To:                 All M&T Bank Vermont City Marathon & Relay Runners

From:            Katie Dolbec, MD, FACEP, CAQSM; Medical Director

Alison O’Connor Sutherland, ATC, AEMT; Medical Coordinator

Important Race Information and Logistics

2 Person Relay Teams

3-5 Person Relay Teams



The 2023 M&T Bank Vermont City Marathon Medical Team is a group of dedicated volunteer medical personnel available to assist you on race day. Our Team provides rapid assessment and treatment of your medical needs during the marathon.


No matter how fit you feel on race day, this information could help us save your life should something happen to you on the course.


Medical Stations on the Course

Medical tents are located at the start and finish area in Waterfront Park, at Champlain Elementary School (miles 2 and 15), and Leddy Park (miles 10.5 and 23.5). In addition to these tents, medical aid stations are located throughout the course (about every 1.5 - 2 miles). The aid stations are staffed with two medical personnel who can be identified by their red vests. Please do not hesitate to seek help or ask any questions – we are here to help you!



The weather at this time of year can be unpredictable. Be sure to check the local forecast and plan accordingly. The average low temperature for May 28 in Burlington is 50 degrees and average high is 72 degrees. Race officials will monitor the temperature, humidity and radiant heat to determine the risk of weather-related danger to participants. Please look for signs posted at each aid station indicating the current alert.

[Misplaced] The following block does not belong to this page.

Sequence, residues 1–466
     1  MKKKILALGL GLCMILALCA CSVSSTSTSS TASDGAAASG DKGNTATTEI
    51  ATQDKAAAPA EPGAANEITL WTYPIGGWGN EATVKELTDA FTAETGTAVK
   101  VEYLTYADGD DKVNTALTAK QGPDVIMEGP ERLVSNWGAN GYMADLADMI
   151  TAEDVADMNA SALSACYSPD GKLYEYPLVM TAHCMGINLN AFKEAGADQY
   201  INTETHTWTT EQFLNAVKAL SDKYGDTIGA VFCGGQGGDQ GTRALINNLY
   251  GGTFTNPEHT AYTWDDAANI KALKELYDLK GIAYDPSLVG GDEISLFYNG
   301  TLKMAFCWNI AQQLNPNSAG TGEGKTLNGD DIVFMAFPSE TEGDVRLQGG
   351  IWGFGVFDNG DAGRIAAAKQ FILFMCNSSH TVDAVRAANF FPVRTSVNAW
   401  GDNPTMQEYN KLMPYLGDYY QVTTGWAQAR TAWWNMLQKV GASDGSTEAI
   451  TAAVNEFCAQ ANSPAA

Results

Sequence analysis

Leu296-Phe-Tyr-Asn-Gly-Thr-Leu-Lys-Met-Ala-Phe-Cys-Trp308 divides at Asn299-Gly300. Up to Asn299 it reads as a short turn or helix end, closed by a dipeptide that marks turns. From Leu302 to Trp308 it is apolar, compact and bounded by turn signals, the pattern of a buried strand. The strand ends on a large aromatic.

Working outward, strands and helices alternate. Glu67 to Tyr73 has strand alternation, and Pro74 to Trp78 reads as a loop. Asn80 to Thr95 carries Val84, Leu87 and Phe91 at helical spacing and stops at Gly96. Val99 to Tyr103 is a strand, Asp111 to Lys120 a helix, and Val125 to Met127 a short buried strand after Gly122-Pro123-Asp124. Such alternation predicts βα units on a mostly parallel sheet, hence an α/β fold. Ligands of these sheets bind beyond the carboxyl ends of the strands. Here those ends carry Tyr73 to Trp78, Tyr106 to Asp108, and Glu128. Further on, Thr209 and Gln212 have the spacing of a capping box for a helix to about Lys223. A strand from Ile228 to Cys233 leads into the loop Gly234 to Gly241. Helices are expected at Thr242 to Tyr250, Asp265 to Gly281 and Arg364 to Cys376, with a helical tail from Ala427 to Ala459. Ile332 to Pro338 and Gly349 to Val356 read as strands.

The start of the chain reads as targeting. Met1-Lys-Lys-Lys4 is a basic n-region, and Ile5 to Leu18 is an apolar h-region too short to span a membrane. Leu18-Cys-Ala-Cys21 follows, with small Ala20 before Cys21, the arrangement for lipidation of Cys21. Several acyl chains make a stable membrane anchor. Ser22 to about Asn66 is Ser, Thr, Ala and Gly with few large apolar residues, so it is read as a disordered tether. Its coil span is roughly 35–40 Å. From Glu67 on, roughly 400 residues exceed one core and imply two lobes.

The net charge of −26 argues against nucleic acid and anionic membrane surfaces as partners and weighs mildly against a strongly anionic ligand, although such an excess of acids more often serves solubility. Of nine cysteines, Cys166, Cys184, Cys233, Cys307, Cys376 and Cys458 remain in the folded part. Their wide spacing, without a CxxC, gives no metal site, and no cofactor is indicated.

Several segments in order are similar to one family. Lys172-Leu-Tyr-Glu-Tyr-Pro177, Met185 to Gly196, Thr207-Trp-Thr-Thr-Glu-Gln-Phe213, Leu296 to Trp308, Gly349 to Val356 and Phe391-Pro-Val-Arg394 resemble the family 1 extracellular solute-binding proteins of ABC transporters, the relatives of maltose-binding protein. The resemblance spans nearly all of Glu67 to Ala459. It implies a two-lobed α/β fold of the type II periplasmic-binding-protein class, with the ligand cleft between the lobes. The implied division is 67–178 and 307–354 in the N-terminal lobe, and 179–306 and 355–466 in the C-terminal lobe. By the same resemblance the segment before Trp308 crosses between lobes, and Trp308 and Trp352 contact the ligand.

Rules about Fluids

Physiological function and performance are compromised as a result of dehydration. Therefore, it is necessary to ingest fluids during exercise to maintain physiologic function. However, hydration is highly personalized and variable. The best recommendation is the simplest: drink when you are thirsty. Ideally you should come into the race well-hydrated, and your urine before the race should be clear to light yellow. In addition to drinking water, taking in fluids that contain electrolytes and sugar during the race can be helpful for endurance events lasting greater than 2 hours. However, it is possible to drink too much, so be careful not to overdo it!



What is hyponatremia?  Hyponatremia is a disorder of fluid-electrolyte balance that results in a dangerously low sodium concentration in the blood.

What causes hyponatremia in athletes?  Excessive drinking, sodium loss from sweating, and the kidney’s limited capacity to excrete water will dilute sodium in the body’s fluids.

Who is at risk? Athletes that drink too much before and during prolonged exercise and “salty sweaters” are at risk. Research has shown that females, runners with a slight build, runners taking over 4 hours to complete the course, and those taking nonsteroidal anti-inflammatory drugs (such as Advil, Motrin, Aleve, ibuprofen, naproxen, etc.) may be particularly susceptible to this risk.

What are the symptoms?  Nausea, vomiting, throbbing headache, dizziness, severe fatigue, swollen hands and feet, wheezy breathing, confusion, disorientation, and lack of coordination may all be seen with hyponatremia. In severe cases, it may result in seizure, respiratory arrest, coma and even death.  Symptoms can occur up to 24 hours after an endurance event.


How Do You Prevent Hyponatremia?